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Wednesday, June 16, 2010

Political Bribery: Follow the Money

The ongoing criminal investigation by the Manhattan District Attorney into the alleged misuse of funds originating with New York City Mayor Michael Bloomberg, then going to the New York State Independence Party and much of the funds ultimately going to Republican campaign operative John Haggerty will be interesting.  A New York Post report (http://www.nypost.com/) on Thursday, June 17th suggested that state party chairman Frank MacKay and another man, Sean Connelly, received ambiguous payments from the party after Mayor Mike Bloomberg paid over $1 million to the state party. 

What may also be interesting: any parallel (and separate) criminal investigation by the United States Attorney's Offices in either Manhattan, Albany or Brooklyn. All could have jurisdiction over such a case (the party is based in Albany and Haggerty's actions may have occurred in Queens, where he lives).

Just wondering: If Bloomberg were brave enough to run as a small "I" independent, or as a Democrat, none of this would have happened.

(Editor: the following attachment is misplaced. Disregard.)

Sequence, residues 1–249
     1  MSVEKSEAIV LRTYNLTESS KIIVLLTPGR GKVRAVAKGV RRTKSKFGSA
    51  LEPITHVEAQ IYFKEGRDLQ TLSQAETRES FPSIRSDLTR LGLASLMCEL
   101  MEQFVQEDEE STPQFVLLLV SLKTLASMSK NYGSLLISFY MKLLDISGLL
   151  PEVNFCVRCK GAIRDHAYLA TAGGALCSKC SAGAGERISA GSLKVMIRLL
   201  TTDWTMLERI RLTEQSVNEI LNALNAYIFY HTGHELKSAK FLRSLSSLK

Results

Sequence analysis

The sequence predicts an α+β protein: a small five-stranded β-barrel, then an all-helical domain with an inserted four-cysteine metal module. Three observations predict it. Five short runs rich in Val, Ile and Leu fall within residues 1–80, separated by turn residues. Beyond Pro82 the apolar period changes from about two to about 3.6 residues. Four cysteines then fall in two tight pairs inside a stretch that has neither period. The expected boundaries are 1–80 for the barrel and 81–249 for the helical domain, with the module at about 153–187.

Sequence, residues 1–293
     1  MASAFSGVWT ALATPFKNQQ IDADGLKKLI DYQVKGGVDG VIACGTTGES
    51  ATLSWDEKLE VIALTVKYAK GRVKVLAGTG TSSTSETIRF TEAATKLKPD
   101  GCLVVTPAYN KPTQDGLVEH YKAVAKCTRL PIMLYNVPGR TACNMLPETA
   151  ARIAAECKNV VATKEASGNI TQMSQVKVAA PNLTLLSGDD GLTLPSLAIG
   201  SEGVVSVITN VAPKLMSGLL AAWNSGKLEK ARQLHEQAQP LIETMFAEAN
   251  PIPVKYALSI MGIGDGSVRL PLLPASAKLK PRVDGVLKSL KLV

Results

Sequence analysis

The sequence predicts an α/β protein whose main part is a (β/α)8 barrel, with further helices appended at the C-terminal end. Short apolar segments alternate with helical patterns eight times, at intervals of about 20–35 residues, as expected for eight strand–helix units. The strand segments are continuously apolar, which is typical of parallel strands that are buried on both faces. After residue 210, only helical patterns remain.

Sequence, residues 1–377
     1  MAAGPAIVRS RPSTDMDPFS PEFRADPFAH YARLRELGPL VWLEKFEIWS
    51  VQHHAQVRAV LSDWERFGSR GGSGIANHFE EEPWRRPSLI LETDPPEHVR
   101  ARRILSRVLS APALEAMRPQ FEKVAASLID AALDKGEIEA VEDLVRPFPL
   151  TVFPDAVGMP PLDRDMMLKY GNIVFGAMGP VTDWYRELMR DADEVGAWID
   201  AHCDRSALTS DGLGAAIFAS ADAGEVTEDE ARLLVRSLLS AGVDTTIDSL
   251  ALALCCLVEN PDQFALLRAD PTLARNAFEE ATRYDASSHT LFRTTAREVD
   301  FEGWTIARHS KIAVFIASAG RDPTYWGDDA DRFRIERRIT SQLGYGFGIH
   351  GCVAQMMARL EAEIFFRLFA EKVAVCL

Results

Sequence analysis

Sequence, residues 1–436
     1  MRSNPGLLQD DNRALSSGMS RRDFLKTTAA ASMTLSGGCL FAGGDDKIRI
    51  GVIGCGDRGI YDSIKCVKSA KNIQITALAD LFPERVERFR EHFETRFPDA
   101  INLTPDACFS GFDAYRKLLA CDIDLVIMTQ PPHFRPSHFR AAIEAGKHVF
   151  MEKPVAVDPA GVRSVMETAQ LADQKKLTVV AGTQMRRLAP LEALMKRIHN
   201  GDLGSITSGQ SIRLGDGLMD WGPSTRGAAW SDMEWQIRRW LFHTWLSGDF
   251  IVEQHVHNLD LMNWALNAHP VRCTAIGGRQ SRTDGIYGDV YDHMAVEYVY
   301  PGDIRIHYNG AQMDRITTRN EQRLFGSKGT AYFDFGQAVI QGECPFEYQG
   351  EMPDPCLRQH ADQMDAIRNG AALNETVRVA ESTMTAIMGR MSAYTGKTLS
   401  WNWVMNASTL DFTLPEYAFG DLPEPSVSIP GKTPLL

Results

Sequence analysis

Just wondering: Isn't a $1.1 million payment to the state Independence Party, in which one is not enrolled and thus needs the legal "Wilson-Pakula" authorization to run, suggestive of a quid pro quo? (Others have gone further, suggesting Bloomberg literally financed his own endorsement by the Independence Party. Read http://www.bloombergwatch.com/ and various Tom Robbins and Wayne Barrett stories at http://www.villagevoice.com/.)

Also wondering: Does anyone doubt that if New Jersey's new Governor Chris Christie were the U.S. Attorney, he would have initiated a criminal investigation of his own?

Think of the elasticity of the phrases, and underlying concepts of, "corruptly influenced" and "under color of official right."

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